Thursday, August 21, 2008

a review of "When We Were Romans"

When We Were Romans: A Novel by Matthew Kneale

Nine year old Lawrence, his younger sister Jemima and his mother Hannah are about to go on a trip. They are going to leave their cottage in England, drive through the Channel tunnel, across France and the Alps to their destination of Rome. Hannah once lived in Rome as a young woman, before she was a mother, before she even married their father, her now ex-husband. But she still has many friends there, who have offered her and the children a place to stay and help finding a flat and a job. The children will learn Italian and see the sites of Rome.
Yes, it sounds like an exciting adventure.

But there is more going on here than just a get away, a change of scene. Because Hannah believes that her ex-husband is stalking her and the children, poisoning the minds of their neighbors and about to do them harm. So they must flee, Hannah tells young Laurence, where his father will not find them.

However, there are more problems, even before they reach Rome. It seems that young Lawrence is aware that he must be careful around his mother, watching her moods, trying to keep her from getting 'sad'. Because at times, she becomes very, very sad, as in not get out of bed, or speaking or even being aware of what is going on around her for days at a time. Yes, his mom has serious issues that we begin to see through Laurence's eyes and things are getting worse and there is a distinct feeling of trepidation as the story progresses and the feeling that things are heading toward an even more terrible conclusion.

The author, Matthew Kneale, tells the story through Lawrence, using the speaking patterns and thoughts, grammar and spelling of a 9 year old. And to a large degree, he succeeds. Well, except with the spelling perhaps. I understand what he is trying to do, and when it comes to Lawrence dealing with the unfamiliar Italian places and such, his attempts to spell them as they sound to him make sense but the rest of the misspellings are inconsistent and often become just annoying. An interesting idea just taken too far.

And then there is a problem, I think, with the character of Lawrence himself. He is described on the dust jacket as “endearingly innocent and preternaturally wise” but I would suggest he is neither. A child that grows up in a household where the parent is dealing with alcoholism, or drug use or mental illness learns at a very early age techniques to 'deal' with it. How to cover for the parent, what to say to outsiders, how to behave so as to not 'provoke' a reaction. And at times, Lawrence is aware of that and acts accordingly. Like when, on the trip to Rome, their mother becomes very 'sad' and does not get up from bed at the hotel they are staying at for a couple of days. He takes care of his sister, dressing her and getting her breakfast and keeping her amused while also trying to get his mother to focus on the idea that they must move on. His reaction seems real, “..it was funny, I was sad like I wanted to cry and I was really cross, it was like I didn't know which to be”. He loves his mom, but he also realized something is wrong and something 'bad' is always possible, if he is not alert and ready to say or do something.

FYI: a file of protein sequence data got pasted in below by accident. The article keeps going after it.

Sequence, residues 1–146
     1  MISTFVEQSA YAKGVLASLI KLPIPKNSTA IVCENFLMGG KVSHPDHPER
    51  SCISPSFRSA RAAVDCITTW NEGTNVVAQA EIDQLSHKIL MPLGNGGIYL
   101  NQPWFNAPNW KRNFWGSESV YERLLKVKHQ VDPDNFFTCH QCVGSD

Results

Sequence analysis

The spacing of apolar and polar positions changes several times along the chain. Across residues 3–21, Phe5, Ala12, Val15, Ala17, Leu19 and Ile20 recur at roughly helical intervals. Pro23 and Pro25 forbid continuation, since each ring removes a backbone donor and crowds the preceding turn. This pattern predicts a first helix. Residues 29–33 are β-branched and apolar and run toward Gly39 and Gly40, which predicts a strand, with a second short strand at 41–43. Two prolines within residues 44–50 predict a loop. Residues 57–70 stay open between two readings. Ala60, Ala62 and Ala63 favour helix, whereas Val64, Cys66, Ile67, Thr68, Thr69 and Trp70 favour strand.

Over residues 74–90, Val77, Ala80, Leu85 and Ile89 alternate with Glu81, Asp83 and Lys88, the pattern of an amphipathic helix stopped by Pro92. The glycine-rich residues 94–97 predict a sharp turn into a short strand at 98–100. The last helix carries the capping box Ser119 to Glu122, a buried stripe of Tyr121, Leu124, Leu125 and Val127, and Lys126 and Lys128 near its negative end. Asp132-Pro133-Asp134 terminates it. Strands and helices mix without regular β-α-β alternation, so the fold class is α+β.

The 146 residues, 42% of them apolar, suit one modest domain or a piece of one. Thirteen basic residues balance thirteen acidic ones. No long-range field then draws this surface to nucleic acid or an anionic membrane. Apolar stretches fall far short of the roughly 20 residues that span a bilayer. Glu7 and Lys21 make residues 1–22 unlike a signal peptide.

But then, at times, he acts so contrary. He knows there are money issues but he demands expensive presents from his mother as 'rewards' for acting good and seems to delight in causing the younger sister to misbehave even more than usual.
True, he is only a child, but I see little preternaturally wisdom in his behavior.

So, a bit of a mixed opinion. An interesting book that is worth reading, but not totally successful in it's execution

As an aside, I totally loved the cover of my edition, the one pictured above. Like many people, I remove the dust jacket when I read a book. With this one, I did so to find not just a plain cloth cover, but a lovely, delicate illustration of Rome....very nice.




4 comments:

  1. Great review! I thought your take on Lawrence's inconsistency was interesting, and I see your point. "Preternaturally wise" was probably not the best term to describe him.

    On the other hand, I liked the way Kneale portrayed him as being both a care-taker--so typical, as you mentioned, of kids in dysfunctional families--and a child who sometimes doesn't see the connection between his own behavior (be it "I want a treat," or be it "I want to hit Jemima with a pillow") and the big picture. Kids are frustratingly inconsistent. So, I guess it worked for me, despite the misleading terms in the back cover blurb. (My review is here, if you'd like to see the rest of my thoughts on the book)

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  2. I was just not convinced that his 'bad' behavior felt right. Nine is not that young, that he could not understand what he was doing. NOW...you can make the argument that he was aware of it, that he was also acting out of anger at his mother's behavior and his need to be more adult in many situations than a nine year old should have to.

    But I don't honestly Kneale made that clear if that was his intention.

    You know, the more I think about the book, the more I like it...lol

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  3. I don't know how I missed out on this book, but really want to read it.

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  4. 뱃할맛이 나는곳 먹튀검증 안전한메이져

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